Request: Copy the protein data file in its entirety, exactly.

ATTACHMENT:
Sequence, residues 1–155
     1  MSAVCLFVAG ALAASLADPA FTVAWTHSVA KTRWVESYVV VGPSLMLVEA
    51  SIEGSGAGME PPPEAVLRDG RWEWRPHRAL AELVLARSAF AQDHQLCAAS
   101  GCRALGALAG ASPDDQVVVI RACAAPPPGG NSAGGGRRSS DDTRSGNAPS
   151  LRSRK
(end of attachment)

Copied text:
Sequence, residues 1–155
     1  MSAVCLFVAG ALAASLADPA FTVAWTHSVA KTRWVESYVV VGPSLMLVEA
    51  SIEGSGAGME PPPEAVLRDG RWEWRPHRAL AELVLARSAF AQDHQLCAAS
   101  GCRALGALAG ASPDDQVVVI RACAAPPPGG NSAGGGRRSS DDTRSGNAPS
   151  LRSRK